It will be possible to safely photograph the Aug. 21 solar eclipse with your smartphone – or any camera, really – provided you have the right equipment and timing.
When one is in the path of totality – the time span in which the moon is directly in front of the sun – there's no need for a lens filter or eclipse glasses for your eyes to safely view what promises to be a memorable sight. In fact, during totality a lens filter would distort your pictures.
But that time of totality will vary depending on location, so one should be aware how much time they have before they need to make adjustments to safely view and photograph the sun as it starts to peek back out from behind the moon. Staring directly into the sun, even during a partial eclipse, can damage the eyes – and lens.
For those partial eclipse phases, “With any kind of lens, don't do it unless you have a special filter,” advises Brian Davidson, a freelance photographer who has done many assignments for The Examiner and plans to be in the longest-timed path of totality that day.
"Any kind of lens" includes a pair of binoculars, and even a smartphone with its small lens. In that case, holding eclipse glasses in front of the phone will work, though to be safe one should also wear a pair themselves or look away and take a picture blind, Davidson said.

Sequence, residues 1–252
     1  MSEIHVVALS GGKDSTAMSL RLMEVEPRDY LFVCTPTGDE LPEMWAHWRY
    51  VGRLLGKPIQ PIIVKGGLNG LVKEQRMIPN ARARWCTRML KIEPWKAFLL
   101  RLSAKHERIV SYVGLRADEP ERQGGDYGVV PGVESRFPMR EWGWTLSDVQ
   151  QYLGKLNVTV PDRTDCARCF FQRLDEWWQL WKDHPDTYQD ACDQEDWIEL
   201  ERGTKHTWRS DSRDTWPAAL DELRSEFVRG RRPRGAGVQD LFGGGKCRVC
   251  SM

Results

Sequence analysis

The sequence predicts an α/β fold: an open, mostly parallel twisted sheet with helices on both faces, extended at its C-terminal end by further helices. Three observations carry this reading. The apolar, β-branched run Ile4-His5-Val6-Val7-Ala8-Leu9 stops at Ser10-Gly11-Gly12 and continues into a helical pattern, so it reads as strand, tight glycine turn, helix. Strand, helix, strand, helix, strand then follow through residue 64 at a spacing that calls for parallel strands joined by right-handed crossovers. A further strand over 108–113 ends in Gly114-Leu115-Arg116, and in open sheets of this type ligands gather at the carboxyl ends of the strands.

To safely practice using your smartphone before Aug. 21, Davidson recommends taking pictures of the moon.
“If they want to know the best way and how it will fill the frame, shoot the moon at night,” he said. “You don't need a filter or safety glasses.”
It should be noted that limited exposure capabilities mean a smartphone picture during full totality likely won't be sharp.
For more professional cameras, proper filters still can be purchased online if you don't have one already – better to use the fastest shipping available. Davidson said putting welder's glass in front of a camera will work for the lens, but not your eyes, so have those eclipse glasses, as well. The American Astronomical Society says the welder’s glass strength needed for solar viewing (shade No. 14) typically can’t be found in stores.
With such cameras and lenses, Davidson also says to use caution with how long you point the lens at the sun, even with a filter, to avoid burning something due to magnifying the sun's rays.
No matter what, one should never directly look into the sun without those eclipse glasses. “But during full totality,” Davidson said, “they should be fine."